View from the New

This section of History@Work features the perspectives of graduate students and new professionals from a variety of academic and historical institutions and at different stages in their careers.  Posts will span a broad range of topics, including personal reflections on graduate study and early career experiences, advice and resources, spotlights on public history career paths, and reviews of technologies, books, conferences, and exhibits.  Although our posts are geared toward the needs and concerns of our graduate student and early career peers, we look forward to engaging in discussions across the History@Work blog, and encourage everyone to join in our conversations!

Editors:  Priya Chhaya, Laura Miller

ImageView from monastery window, Archeon, Netherlands

 

Related Posts

International approaches to LGBTQ public history

2014 saw huge steps forward in representations of LGBTQ (Lesbian, Gay, Bisexual, Transgender, Queer, and Questioning) lives in public history on both sides of the Atlantic. Projects have been launched in both the United States and the United Kingdom that … Continue reading

Memory, narrative, history, Serial.

Note from the author: I wrote this piece before the conclusion of the investigative journalism podcast Serial dropped on December 18, 2014. I’m leaving it as is, without addressing the ending because it does not change the questions that were … Continue reading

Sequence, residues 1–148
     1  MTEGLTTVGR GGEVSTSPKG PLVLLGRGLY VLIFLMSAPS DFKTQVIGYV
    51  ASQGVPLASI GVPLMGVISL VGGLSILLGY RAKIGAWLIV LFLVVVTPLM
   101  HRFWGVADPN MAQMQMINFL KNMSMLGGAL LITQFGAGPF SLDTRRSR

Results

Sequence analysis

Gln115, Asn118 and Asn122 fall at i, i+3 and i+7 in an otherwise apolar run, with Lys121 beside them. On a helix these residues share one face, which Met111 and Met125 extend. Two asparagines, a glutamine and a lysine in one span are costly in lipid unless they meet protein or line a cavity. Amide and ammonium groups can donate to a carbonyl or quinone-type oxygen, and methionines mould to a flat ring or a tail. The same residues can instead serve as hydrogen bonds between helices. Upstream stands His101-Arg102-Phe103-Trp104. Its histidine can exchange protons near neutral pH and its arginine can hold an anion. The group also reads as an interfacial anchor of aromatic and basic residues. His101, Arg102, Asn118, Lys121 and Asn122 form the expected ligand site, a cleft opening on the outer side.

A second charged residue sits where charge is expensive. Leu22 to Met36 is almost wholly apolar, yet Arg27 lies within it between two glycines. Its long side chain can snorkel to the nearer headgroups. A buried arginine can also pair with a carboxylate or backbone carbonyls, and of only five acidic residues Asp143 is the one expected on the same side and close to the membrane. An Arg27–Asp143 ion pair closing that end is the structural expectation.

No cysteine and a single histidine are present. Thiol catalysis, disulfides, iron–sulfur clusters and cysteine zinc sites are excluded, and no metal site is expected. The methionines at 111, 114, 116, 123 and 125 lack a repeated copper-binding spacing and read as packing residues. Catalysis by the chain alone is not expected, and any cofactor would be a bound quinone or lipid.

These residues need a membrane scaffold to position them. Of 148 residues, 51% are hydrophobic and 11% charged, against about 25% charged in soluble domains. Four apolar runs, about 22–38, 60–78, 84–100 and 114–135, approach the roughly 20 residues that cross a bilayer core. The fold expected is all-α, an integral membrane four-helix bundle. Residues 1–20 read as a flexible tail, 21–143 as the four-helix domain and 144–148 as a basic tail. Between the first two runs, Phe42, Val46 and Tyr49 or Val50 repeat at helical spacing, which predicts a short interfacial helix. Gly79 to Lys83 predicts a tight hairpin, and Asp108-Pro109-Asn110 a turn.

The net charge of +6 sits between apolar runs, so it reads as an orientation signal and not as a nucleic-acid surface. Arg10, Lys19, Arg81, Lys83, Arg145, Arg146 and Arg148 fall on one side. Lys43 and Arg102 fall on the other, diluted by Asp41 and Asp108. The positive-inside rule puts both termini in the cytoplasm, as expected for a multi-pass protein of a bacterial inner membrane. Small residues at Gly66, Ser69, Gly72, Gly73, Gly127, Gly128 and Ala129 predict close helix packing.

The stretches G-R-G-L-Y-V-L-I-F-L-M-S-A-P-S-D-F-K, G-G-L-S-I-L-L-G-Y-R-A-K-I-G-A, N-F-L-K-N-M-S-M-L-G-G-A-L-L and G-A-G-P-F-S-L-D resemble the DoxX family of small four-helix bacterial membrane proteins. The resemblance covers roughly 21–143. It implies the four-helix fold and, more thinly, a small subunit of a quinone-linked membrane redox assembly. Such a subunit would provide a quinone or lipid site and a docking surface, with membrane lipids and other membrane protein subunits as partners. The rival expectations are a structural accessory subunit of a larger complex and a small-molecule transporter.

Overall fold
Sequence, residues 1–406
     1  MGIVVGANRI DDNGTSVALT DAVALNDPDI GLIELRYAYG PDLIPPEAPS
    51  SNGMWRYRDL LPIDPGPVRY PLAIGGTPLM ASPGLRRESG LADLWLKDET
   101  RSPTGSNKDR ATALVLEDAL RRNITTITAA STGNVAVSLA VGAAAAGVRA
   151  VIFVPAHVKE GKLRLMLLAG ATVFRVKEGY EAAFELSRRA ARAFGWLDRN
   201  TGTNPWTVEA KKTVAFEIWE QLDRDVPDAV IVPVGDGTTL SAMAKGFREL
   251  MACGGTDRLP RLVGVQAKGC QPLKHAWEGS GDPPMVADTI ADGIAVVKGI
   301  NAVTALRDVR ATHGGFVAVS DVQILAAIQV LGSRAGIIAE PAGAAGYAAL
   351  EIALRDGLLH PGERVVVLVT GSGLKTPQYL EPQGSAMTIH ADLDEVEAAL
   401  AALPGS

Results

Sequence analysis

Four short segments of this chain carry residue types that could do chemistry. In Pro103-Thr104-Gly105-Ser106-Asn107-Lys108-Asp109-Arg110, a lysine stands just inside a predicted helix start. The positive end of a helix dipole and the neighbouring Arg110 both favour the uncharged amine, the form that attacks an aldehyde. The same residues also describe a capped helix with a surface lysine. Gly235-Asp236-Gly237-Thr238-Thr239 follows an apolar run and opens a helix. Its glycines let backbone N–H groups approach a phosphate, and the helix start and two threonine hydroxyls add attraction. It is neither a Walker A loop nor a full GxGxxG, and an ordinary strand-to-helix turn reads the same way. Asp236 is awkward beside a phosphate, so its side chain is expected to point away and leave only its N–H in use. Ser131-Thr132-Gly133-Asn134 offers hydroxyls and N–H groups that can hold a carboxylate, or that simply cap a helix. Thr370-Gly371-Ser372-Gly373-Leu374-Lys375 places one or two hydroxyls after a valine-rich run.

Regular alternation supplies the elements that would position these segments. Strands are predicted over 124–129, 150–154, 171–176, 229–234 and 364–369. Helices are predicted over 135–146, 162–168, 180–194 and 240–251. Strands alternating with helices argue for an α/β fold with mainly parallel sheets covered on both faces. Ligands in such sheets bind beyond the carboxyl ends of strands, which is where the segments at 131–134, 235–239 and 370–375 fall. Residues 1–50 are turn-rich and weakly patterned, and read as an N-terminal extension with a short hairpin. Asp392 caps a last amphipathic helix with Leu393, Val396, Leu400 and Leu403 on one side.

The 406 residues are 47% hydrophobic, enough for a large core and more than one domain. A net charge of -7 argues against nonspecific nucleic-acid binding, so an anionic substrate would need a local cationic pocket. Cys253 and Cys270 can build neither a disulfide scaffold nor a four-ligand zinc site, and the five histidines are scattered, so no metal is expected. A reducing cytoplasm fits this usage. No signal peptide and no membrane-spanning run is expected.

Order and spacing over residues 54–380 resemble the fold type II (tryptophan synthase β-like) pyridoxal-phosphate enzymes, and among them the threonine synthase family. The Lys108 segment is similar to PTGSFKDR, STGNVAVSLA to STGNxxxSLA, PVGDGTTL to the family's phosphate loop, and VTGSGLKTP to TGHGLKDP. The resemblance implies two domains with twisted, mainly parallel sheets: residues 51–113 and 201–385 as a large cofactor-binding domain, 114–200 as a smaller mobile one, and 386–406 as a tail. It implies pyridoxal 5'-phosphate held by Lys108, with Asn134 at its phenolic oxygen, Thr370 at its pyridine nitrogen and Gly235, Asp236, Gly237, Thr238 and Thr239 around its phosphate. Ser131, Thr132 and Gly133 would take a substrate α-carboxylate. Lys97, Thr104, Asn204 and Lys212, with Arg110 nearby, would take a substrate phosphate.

Rethinking diversity: Who does history belong to?

This is the final post in a series on issues of diversity in the public history field. You can find the previous posts in the series here. As public historians, we have many responsibilities, but, as a baseline, we are … Continue reading

Rethinking diversity: Dr. Rhonda Jones, public history is sexy

This is the fourth post in a series on issues of diversity in the public history field. Each post in this series is based upon oral interviews conducted with public history professionals. Each interview was conducted in a traditional interview … Continue reading

Rethinking diversity: Chris Taylor, molding future public historians

This is the third post in a series on issues of diversity in the public history field. Each post in this series is based upon oral interviews conducted with public history professionals. Each interview was conducted in a traditional interview … Continue reading

More View from the New Posts →